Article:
He’s warning against “all kinds of greed.” As we’ve seen, that could apply to anything. We are a culture that needs to re-learn the value of “enough.”
Maybe I’m the only one who notices this. It is a rare event when I go to a buffet restaurant and do not see this. It seems without fail there will be someone who loads up a dish to the point of the food being ready to fall over. Some places that used to advertise “all you can eat,” have rephrased it to “all that you care to eat,” or even “please do not take more than you will eat.” I don’t think anyone there is in danger of starvation! Besides, you can always go back for seconds.
Jesus adds to the warning about greed, “one’s life does not consist in the abundance of possessions.” Having said that, I realize there are those who live by the motto, “He who dies with the most toys wins.” It doesn’t seem that Jesus subscribes to that philosophy.
On that note, Jesus launches into the parable of the rich fool. This a guy who strikes it big. He has an abundance of grain and goods. He has more than what he knows to do with. Our friend is like some actors and athletes who pull in multi-millions of dollars per year. They have more money than they could reasonably spend in two or three lifetimes—maybe more!
What does our wealthy friend do? He decides, “I will pull down my barns and build larger ones, and there I will store all my grain and my goods. And I will say to my soul, Soul, you have ample goods laid up for many years; relax, eat, drink, be merry” (vv. 18-19). His physical needs will be well taken care of—or at least, that’s the plan. In Aesop’s fable, he is the hare, not the tortoise.
Walter Bowie notes, “But the supreme loss is not in what may happen prematurely to the body. The loss is what happens to the man’s whole self. He thinks he has plenty of time to find out who he is and what his life is for. He will stop and give attention to all that after a while. But it is not only in the parable that the unexpected bell may toll.”
I’m reminded of a line from the 90s movie The Basketball Diaries. It stars Leonardo DiCaprio as real-life musician Jim Carroll, who also played Catholic high school basketball. However, his talent is being wasted, due to his use of heroin. One day in class, he falls asleep and is enjoying a drug-induced dream. His teacher, a cane-wielding priest, gives him a rude awakening. Smacking his desk, he shouts, “Wake up, Mr. Carroll, it’s later than you think!”
Wake up; it’s later than you think. Now that’s a sobering thought.
And it’s one delivered to our friend in the parable. God reminds him, “You fool! This very night your life is being demanded of you. And the things you have prepared, whose will they be?” (v. 20). So now, we come back full circle to the thought of storing up treasures for ourselves but not being rich toward God.
This business of it being later than we think, of getting our house in order—that is no doubt some seriously important stuff.
Speaking for myself, I sometimes have a sense of foreboding in all of that. Maybe I haven’t lived life the way I could or should have. Perhaps I’ve been stingy in sharing God’s work, God’s provision, God’s healing in my life. Maybe in doing that (or in not doing that, as the case may be), I have been greedy like our friend in the parable, the rich fool.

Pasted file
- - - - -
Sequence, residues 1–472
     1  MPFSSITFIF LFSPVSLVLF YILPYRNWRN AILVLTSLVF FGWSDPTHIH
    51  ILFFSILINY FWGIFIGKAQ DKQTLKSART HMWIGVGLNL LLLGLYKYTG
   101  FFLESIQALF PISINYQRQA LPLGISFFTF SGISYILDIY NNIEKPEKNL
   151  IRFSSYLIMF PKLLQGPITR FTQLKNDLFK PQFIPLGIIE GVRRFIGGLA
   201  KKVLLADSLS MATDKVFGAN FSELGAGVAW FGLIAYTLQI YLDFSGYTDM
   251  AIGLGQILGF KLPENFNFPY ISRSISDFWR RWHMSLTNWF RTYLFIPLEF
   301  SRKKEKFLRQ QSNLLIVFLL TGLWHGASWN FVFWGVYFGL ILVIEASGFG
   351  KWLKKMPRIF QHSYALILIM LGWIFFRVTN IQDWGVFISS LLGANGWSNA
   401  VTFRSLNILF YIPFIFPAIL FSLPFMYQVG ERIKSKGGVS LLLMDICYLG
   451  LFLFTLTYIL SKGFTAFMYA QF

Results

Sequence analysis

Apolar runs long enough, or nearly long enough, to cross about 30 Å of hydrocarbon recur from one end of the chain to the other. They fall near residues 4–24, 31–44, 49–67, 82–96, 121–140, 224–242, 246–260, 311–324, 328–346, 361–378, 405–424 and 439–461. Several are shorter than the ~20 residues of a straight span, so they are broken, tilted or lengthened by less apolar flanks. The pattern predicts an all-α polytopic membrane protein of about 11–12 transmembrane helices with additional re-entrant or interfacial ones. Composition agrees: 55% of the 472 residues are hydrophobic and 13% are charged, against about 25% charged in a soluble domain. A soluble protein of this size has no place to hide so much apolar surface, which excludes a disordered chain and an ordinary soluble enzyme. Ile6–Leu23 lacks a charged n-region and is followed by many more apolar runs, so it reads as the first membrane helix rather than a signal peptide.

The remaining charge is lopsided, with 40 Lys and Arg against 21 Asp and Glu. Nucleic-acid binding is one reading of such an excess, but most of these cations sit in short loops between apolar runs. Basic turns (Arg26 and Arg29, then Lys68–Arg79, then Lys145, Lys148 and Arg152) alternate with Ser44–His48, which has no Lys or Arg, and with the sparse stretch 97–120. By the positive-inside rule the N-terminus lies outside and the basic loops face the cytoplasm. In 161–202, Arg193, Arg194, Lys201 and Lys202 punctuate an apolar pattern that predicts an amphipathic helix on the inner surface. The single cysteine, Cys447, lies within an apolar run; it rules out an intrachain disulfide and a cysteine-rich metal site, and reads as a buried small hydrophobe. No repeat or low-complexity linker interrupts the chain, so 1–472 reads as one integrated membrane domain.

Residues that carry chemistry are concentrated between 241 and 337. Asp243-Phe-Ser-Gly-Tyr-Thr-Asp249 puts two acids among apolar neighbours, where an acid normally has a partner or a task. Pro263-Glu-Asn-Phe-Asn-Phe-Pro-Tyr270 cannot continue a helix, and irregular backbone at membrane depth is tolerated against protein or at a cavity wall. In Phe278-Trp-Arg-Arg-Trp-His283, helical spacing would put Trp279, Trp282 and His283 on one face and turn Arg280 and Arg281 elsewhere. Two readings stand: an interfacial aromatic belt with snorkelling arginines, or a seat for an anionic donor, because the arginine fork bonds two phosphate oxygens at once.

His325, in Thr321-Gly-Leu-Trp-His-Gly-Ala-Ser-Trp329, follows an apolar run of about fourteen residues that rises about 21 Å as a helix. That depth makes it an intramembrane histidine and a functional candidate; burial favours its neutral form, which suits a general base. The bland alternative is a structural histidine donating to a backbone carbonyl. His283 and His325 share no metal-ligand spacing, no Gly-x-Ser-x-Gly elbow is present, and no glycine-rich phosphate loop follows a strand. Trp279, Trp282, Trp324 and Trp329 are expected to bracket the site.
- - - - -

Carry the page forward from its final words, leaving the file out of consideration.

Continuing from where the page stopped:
But this is the gospel, the good news that Luke brings us. Where is the word of grace? How is this the word of love?
The Franciscan priest Richard Rohr mentions a charge he received at ordination. He puts it in the context of perfection, something we attempt to provide by ourselves. It “gives the impression that by effort I can achieve wholeness separate from God, from anyone else…
“On the day of my first vows in 1962,” he says, “the preacher glared at us earnest and innocent novices and quoted the line, ‘Thou shalt be perfect as your heavenly Father is perfect!’ (Matthew 5:48). Most of the honest guys left within the first few years of seminary when they could not achieve this supposed perfection. That’s sad because I think a lot of them would have been really good friars and priests, precisely because they were so human, humble, and honest.”
Those guys were already set up for failure. The charge from that preacher was not uttered in wisdom and love!
Rohr continues, “Many people give up on the spiritual life or religion when they see they cannot be perfect. They end up [as] practical agnostics or atheists, because they refuse to be hypocrites. It is quite unfortunate that [this] ideal of perfection has been applied to human beings… It has created people who, lacking compassion, have made impossible demands on themselves and others, resulting in a tendency toward superiority, impatience, dismissiveness, and negative thinking.”
It doesn’t have to be that way. Those who can see actually realize it isn’t that way. And that is the good news. That is the gospel of Jesus Christ.
We need not be afraid to share, to unfasten ourselves, to empty our hands. By not piling up riches for ourselves, we open ourselves to being amazed and surprised by God. We unleash the power of the Spirit within our lives, and together, we unleash the power of the Spirit in community.
We approach with empty hands so that they might be filled. We yield the treasures we store up so that we might be rich toward God.